March 8, 2023

Markets Today: Warning Sign

The market was not prepared for Powell’s hawkish remarks, sending short rates and the USD higher and equities lower.

Todays podcast

Overview: RBA less hawkish, Powell more so. Big market response

  • Fed Chair Powell warns stronger than expected data implies higher Fed Fund rate peak
  • If totality of data is strong, prepared to increase pace of rate hikes
  • Market was not prepared for Powell’s remarks, sending short rates and the USD higher and equities lower
  • Big flattening of the UST curve. Now -103bps.  10y @3.94%
  • USD stronger across the board. AUD and GBP the notable underperformers
  • AUD not helped by RBA’s softer tightening bias. GBP weighed down by BoE Mann’s concern on sterling
  • Coming up: RBA Lowe, ECB Lagarde, Fed Powell, BoC Meeting, ADP, JOLTS

Events Round-Up

AU: Trade balance ($b), Jan: 11.7 vs. 12.2 exp.
AU: RBA cash rate target (%), Mar: 3.6 vs. 3.6 exp.
CH: Exports (USD YTD y/y%), Feb: -6.8 vs. -9.0 exp.
CH: Imports (USD YTD y/y%), Feb: -10.2 vs. -5.5 exp.
GE: Factory orders (m/m%), Jan: 1.0 vs. -0.7 exp.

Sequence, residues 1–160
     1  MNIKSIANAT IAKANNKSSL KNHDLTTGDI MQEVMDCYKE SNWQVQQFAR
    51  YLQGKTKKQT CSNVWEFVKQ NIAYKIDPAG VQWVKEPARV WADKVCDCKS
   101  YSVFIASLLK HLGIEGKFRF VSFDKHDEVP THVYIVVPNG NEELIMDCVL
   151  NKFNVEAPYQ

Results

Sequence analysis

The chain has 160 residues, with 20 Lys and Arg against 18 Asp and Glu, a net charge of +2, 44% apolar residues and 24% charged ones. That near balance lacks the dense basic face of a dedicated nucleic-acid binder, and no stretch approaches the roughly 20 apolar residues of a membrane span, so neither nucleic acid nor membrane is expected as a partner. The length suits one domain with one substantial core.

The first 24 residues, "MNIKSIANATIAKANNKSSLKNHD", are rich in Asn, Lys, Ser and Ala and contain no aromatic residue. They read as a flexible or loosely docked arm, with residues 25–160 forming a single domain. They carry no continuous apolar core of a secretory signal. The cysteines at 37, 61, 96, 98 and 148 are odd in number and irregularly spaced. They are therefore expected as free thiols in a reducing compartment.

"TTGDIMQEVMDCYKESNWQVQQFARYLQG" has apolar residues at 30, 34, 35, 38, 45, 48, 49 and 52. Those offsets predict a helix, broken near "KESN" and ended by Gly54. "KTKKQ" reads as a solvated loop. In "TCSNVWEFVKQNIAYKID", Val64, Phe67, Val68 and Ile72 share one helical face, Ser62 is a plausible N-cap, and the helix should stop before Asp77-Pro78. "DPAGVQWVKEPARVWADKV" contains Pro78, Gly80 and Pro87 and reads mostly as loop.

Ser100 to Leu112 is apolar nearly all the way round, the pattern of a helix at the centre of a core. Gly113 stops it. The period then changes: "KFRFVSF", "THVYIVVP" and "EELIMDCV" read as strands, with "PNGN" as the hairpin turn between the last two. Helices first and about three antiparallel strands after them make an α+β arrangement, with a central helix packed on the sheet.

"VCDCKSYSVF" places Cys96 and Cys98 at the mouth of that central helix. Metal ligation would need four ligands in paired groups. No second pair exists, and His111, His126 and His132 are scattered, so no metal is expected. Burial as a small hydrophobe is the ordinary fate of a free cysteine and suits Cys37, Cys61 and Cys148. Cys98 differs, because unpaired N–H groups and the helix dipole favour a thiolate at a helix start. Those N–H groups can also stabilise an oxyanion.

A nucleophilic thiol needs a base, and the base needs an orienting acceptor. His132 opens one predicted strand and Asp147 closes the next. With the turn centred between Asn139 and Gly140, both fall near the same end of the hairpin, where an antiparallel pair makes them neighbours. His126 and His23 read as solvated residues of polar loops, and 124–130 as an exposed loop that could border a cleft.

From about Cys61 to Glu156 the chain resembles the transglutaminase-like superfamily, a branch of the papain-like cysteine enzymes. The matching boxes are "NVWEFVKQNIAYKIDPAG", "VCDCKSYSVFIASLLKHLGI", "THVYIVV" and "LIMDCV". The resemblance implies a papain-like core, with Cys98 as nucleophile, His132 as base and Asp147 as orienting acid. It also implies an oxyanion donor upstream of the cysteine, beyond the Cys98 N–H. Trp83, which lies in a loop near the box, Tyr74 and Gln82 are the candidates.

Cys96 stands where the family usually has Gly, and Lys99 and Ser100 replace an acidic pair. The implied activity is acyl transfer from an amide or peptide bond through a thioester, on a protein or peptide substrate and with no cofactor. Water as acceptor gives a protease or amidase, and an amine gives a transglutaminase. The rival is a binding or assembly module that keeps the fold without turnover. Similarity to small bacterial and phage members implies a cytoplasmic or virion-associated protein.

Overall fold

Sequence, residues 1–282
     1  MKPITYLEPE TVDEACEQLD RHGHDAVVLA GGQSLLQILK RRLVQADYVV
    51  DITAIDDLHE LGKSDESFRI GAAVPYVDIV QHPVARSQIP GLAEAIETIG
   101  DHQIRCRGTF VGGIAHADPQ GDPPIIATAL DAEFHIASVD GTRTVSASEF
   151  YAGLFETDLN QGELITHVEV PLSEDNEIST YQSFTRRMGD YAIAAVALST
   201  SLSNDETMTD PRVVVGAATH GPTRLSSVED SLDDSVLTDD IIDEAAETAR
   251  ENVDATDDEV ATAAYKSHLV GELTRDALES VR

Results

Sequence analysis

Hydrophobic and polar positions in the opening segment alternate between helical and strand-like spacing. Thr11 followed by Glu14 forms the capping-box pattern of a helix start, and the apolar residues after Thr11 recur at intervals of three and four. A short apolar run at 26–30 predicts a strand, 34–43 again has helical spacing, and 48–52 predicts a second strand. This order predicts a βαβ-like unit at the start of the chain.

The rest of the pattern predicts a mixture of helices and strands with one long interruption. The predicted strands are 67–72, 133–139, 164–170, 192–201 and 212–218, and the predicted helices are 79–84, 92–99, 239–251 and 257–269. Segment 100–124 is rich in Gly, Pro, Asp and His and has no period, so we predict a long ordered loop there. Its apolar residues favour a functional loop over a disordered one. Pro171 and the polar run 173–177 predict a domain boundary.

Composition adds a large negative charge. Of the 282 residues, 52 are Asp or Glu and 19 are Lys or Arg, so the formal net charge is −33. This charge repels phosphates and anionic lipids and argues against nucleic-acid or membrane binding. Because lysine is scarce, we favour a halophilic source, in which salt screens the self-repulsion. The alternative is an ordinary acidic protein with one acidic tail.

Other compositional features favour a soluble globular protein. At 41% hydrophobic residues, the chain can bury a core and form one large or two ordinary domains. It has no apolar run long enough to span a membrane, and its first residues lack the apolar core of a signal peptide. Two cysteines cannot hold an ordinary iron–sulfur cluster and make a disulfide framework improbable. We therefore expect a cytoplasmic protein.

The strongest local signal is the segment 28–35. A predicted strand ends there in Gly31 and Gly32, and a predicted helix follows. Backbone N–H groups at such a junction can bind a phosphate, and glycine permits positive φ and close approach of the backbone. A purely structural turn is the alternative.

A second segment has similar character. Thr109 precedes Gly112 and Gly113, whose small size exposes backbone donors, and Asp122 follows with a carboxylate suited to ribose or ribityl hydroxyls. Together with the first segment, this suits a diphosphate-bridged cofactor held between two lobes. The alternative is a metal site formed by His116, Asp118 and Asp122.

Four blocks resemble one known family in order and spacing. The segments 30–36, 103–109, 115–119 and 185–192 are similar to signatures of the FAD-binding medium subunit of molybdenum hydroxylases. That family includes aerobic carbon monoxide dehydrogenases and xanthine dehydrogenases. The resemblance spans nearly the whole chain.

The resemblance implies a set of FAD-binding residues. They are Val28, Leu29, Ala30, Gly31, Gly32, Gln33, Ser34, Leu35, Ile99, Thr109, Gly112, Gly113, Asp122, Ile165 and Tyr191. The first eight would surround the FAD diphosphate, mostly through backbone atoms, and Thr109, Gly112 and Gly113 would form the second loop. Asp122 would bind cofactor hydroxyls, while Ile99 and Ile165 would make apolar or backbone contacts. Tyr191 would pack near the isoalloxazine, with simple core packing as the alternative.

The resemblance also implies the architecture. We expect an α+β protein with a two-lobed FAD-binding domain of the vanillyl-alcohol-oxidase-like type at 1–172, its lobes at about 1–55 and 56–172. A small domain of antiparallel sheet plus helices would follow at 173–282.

Warning Sign, pay attention I am talking to you -Talking Heads

Following a series of stronger than expected US data releases in recent weeks as well as comments from Fed speakers noting the increasing risk of further policy tightening ahead, speaking overnight Fed Chair Powell delivered a hawkish warning. Given what we already knew, his hawkish remarks shouldn’t have been a surprise, but evidently the market was not prepared. UST front end yields jumped, the USD more than reversed recent losses and equities fell across the board. The AUD and GBP are the notable underperformers, AUD not helped by the RBA’s softer tightening bias. GBP weighed down by BoE Mann’s concern on sterling.

Ahead of Fed Chair Powell’s semi-annual monetary policy testimony before the Senate Banking Committee, recent US data releases were already telling us that the US economy started 2023 on a much stronger footing than most had anticipated with inflationary pressures also proving more persistence.

This economic backdrop had already triggered a repricing in Fed rate hike expectations, but Fed Chair Powell’s acknowledgment of the current economic backdrop as well as warning that the Fed is prepared to do more still triggered a significant market reaction. This of course needs to be seen in the context that early February the Fed had step down the pace of hikes by lifting the Funds rate by “only” 25bps to 4.75%.

Powell said that “The latest economic data have come in stronger than expected, which suggests that the ultimate level of interest rates is likely to be higher than previously anticipated,” and then he added that “If the totality of the data were to indicate that faster tightening is warranted, we would be prepared to increase the pace of rate hikes.”